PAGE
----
In her cottage in the woods, the witch brewed her birch twig tea and waited for the arrival of the young couple who wished to conceive. Her blue-green eyes glowed with the power of sight as she watched them from a bird’s eye view. She blinked the sight away. She went to the fireplace and threw another enchanted log onto the burning pile. Neon purple smoke curled upward, escaping out the chimney, alerting the tired travelers that their destination was near.
The witch’s bony fingers wrapped around the mug atop her tiny wooden table. She brought the steamy drink to her thin lips and watched through a round glass window. Two figures stepped from the dark forest path into the clearing. A rattling squeal erupted at her feet as three of her fox pups nervously circled her. They felt her weary anticipation of humans entering their den.
She set the mug down and went to the door. She paused for a moment to steady herself as memories of the war slammed into her chest like a detonation wave. She placed her hand on the rough sawn white oak door, letting the wood remind her that she was safe from attack. The war was over. Her cottage—simple, but sturdy—was built by a carpenter she’d known in the early post-war years. She often thought of him when a new couple sought her help. The carpenter and his partner were the recipients of the first life spark she’d made. She exchanged it for the building of her home. That time, the spark had not returned. Later, she upgraded the formula. She hummed a soothing noise at the foxes. They hushed their barks and chattering. Ten of them surrounded her inside the cottage, like a roiling red-orange sea.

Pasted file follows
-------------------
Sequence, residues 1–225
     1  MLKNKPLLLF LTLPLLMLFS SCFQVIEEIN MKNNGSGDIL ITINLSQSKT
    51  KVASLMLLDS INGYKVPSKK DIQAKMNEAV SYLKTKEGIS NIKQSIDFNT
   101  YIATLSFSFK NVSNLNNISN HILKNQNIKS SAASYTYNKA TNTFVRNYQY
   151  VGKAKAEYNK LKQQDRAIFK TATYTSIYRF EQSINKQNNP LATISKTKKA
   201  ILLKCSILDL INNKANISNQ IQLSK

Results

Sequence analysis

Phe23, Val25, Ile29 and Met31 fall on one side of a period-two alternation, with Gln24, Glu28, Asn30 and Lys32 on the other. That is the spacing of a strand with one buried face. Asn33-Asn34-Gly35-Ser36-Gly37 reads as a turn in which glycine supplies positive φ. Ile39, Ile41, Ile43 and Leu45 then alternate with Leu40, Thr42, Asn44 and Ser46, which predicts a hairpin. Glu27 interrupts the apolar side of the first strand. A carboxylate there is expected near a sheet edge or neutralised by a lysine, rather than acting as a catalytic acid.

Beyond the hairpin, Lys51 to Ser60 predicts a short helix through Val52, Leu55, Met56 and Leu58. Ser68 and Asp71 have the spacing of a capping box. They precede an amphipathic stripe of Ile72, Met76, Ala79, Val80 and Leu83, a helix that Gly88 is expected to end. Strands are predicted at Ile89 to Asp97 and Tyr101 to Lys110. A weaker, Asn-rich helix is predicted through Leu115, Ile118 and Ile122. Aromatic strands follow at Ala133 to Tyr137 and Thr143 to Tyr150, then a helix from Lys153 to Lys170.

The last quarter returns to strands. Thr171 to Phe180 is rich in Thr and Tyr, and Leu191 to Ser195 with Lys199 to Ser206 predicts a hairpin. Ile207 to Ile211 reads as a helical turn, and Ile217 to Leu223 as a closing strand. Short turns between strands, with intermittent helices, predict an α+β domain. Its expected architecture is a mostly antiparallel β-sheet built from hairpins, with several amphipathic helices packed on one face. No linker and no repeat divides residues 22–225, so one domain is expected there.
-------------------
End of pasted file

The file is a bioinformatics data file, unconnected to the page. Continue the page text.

The witch opened her cottage door and waved to the couple as bundles of fur spilled out around her bony legs. The pups ran and hopped and rolled in the clover on the ground in front of her, their anticipation heightened beyond control. They barked and the witch resisted the urge to bark with them. The woman and man froze to watch the foxes’ display, their fear easing as they saw the harmlessness of the playful animals. The couple looked too young to have been born during the war; their generation had only known peace.
“We saw the purple smoke.” The man pointed at her roof, speaking loudly to be heard over the noise of the gekkering foxes. “Are you the wit—I mean, the woman—who helps people conceive?”
“Come inside,” she responded, trying to force a smile. She’d need another cup of birch tea to help her twisted old face. “I’ve been expecting you.”
The young woman buried her head into her partner’s arm. He patted her back. “Come on, Brygida, we’ve traveled so far.”
The witch knew the couple had tried, but the magic of their seeds was too weak. Too far removed from the old gods, she thought. War chased away life. Some call it fertility, the witch called it the spark. In the time of dirty machines—before the forests regrew—men and women, women and women, and men and others conceived children without thought. After the last great war, the rebuilders discovered the trouble. The missing sparks angered many, but there was no more desire to fight. The peace treaty was amended to allow those in tune with nature to experiment with new ways to give life. The witch found the forest clearing for her home soon afterwards.
Once inside the cottage, the witch motioned for the couple to sit on two stools near the fire. She wrinkled her nose at their antiseptic-clean lavender aroma. It was a city scent that reminded her of her days as a prisoner of war. They wrinkled their noses as well. The witch assumed they didn’t appreciate the vixen musk she’d built up over the months since she’d visited the river. She stood in front of the fireplace and stared at them, until the discomforting silence forced the man to speak.
“We want a child.”
“Why?” she asked. The rapidity and harshness of her response made the young woman look up in surprise. The witch glared arrows at Brygida and asked again, “Why?”